Deep sea mining talks end without agreement: Deep sea mining may start as soon as next year after negotiations in Kingston, Jamaica ended without any form of agreement being reached. In 2021 the Pacific nation of Nauru announced plans to begin deep sea mining in its waters. This triggered a two-year period in which the International Seabed Authority (ISA) had to agree with all nations that plan to mine the deep seas. The agreement would set out the regulations and environmental monitoring which will apply to deep sea mining, but if no agreement is reached then nations will be free to mine the deep seas in whichever way they see fit from 2023 onwards. The deep sea contains rare and extremely valuable metals such as copper, cobalt, nickel and manganese which are used in everything from electronic devices to the batteries of electric cars. Demand for such metals will continue to grow but scientists and environmentalists have warned that mining the seabed for these metals will cause immense damage to vulnerable deep sea ecosystems which science has yet to fully understand. Click here to read more on this story.

10ft-long swordfish spotted off the coast of the Isle of Man: A conservation charity has reported that a swordfish has been spotted in the waters of the Isle of Man for the first time. The 10ft (3 metre) long swordfish was observed by members of the Manx Whale and Dolphin Watch while they were carrying out a survey of marine life in the island’s waters. Swordfish are usually found in the Mediterranean and the warmer parts of the Atlantic Ocean around the equator although it is believed that rising sea temperatures may make them more common around the British Isles in the coming years. Read more here.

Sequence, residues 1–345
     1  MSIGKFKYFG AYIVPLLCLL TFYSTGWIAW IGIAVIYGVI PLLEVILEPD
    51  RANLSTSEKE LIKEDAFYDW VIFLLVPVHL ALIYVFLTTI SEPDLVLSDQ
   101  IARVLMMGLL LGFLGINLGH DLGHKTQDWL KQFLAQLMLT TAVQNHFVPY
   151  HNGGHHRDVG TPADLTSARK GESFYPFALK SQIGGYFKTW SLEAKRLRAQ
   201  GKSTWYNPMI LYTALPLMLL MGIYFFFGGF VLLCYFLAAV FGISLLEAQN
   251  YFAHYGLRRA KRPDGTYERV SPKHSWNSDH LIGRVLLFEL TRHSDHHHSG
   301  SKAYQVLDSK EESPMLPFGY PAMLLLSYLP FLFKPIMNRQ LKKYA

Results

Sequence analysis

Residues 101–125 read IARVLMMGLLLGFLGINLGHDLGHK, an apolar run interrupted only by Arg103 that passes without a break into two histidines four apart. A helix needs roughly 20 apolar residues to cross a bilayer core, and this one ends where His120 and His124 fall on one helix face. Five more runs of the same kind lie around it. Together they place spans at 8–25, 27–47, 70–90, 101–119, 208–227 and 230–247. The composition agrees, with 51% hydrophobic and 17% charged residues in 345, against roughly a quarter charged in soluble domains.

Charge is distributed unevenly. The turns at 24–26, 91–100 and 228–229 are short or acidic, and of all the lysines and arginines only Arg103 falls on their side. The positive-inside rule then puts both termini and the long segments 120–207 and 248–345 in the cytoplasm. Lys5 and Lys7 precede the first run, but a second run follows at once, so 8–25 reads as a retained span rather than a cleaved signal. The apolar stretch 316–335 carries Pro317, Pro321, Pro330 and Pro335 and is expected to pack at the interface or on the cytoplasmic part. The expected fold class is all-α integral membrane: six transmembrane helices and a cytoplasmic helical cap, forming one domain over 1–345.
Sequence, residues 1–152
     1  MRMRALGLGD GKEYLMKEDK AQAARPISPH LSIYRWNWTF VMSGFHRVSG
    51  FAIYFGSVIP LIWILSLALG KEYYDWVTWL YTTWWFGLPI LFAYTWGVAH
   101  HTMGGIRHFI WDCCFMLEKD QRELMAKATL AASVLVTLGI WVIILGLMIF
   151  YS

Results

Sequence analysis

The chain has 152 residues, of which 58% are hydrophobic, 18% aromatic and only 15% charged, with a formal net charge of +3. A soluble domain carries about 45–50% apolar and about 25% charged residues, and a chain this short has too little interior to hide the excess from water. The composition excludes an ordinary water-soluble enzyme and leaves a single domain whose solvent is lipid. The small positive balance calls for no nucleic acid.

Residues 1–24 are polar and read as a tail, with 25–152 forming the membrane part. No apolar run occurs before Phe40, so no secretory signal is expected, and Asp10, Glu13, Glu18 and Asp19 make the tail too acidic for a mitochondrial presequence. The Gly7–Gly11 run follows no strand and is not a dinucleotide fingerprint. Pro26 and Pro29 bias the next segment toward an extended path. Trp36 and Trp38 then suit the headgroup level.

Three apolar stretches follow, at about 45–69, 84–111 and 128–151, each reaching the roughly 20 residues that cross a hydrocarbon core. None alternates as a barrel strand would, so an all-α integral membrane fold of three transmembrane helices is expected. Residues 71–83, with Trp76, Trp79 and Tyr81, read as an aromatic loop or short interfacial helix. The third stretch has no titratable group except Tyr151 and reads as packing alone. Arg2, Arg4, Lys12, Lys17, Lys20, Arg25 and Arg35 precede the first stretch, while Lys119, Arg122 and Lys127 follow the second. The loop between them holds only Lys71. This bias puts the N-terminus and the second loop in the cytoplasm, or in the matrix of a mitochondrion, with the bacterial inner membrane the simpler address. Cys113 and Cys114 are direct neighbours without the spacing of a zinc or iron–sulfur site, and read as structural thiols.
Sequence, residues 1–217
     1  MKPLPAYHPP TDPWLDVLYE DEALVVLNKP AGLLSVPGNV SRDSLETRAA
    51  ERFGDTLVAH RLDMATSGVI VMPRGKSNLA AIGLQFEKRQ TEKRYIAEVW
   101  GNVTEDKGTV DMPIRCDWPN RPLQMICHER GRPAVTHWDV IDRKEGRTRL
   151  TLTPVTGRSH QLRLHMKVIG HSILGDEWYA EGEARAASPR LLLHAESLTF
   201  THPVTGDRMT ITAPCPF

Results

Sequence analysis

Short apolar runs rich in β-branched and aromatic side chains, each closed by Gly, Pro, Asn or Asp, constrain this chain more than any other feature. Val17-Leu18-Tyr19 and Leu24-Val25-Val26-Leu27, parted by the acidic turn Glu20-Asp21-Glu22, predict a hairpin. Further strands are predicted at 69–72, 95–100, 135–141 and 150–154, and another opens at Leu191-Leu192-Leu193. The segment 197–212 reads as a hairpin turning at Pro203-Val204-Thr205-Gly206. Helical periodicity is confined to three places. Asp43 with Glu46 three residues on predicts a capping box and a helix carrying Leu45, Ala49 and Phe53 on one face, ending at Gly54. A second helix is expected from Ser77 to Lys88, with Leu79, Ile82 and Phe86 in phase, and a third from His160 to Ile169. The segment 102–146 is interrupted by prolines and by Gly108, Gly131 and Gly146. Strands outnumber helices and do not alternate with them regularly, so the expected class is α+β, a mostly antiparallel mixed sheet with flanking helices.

Fishing ban would ‘rip the heart out of Holy Island’: A proposed ban on commercial fishing in the waters around Holy Island would put the future of the island at risk, according to locals. Holy Island (also known as Lindisfarne) is located off the coast of Northumberland and is connected to the mainland by a mile-long causeway which is covered by the North Sea twice a day during high tide. Around 10 per cent of the island’s population of 150 people work in the fishing industry as crab and lobster potters. However, plans to make the area a highly protected marine area (HPMA) would ban all forms of fishing in a fifty-mile zone to the north of the island. This would exclude the low-impact crab and lobster fishing carried out by Holy Island fishermen. Residents have warned that this would force many fishermen to quit the fishing industry meaning they would have to return to the mainland with their families. In turn, this would put the future of the island at risk as the reduced number of residents would leave insufficient workers for the island’s pubs, restaurants, hotels and broader tourism industry. The owner of a restaurant on the island told the Telegraph: “My staff on the island are families of the fishermen. If the fishery closes, my business will suffer because I cannot get the staff from the mainland due to the tides. Also, eating fresh Holy Island crab is a major part of the tourist experience here.” John Bevan, the clerk of Holy Island Parish Council, also told the Telegraph that there was “shock and dismay” on the island as they only found out about the proposed fishing ban through a newspaper article last month, and only have until next month to put forward their evidence against the ban. Read more on this article by clicking here.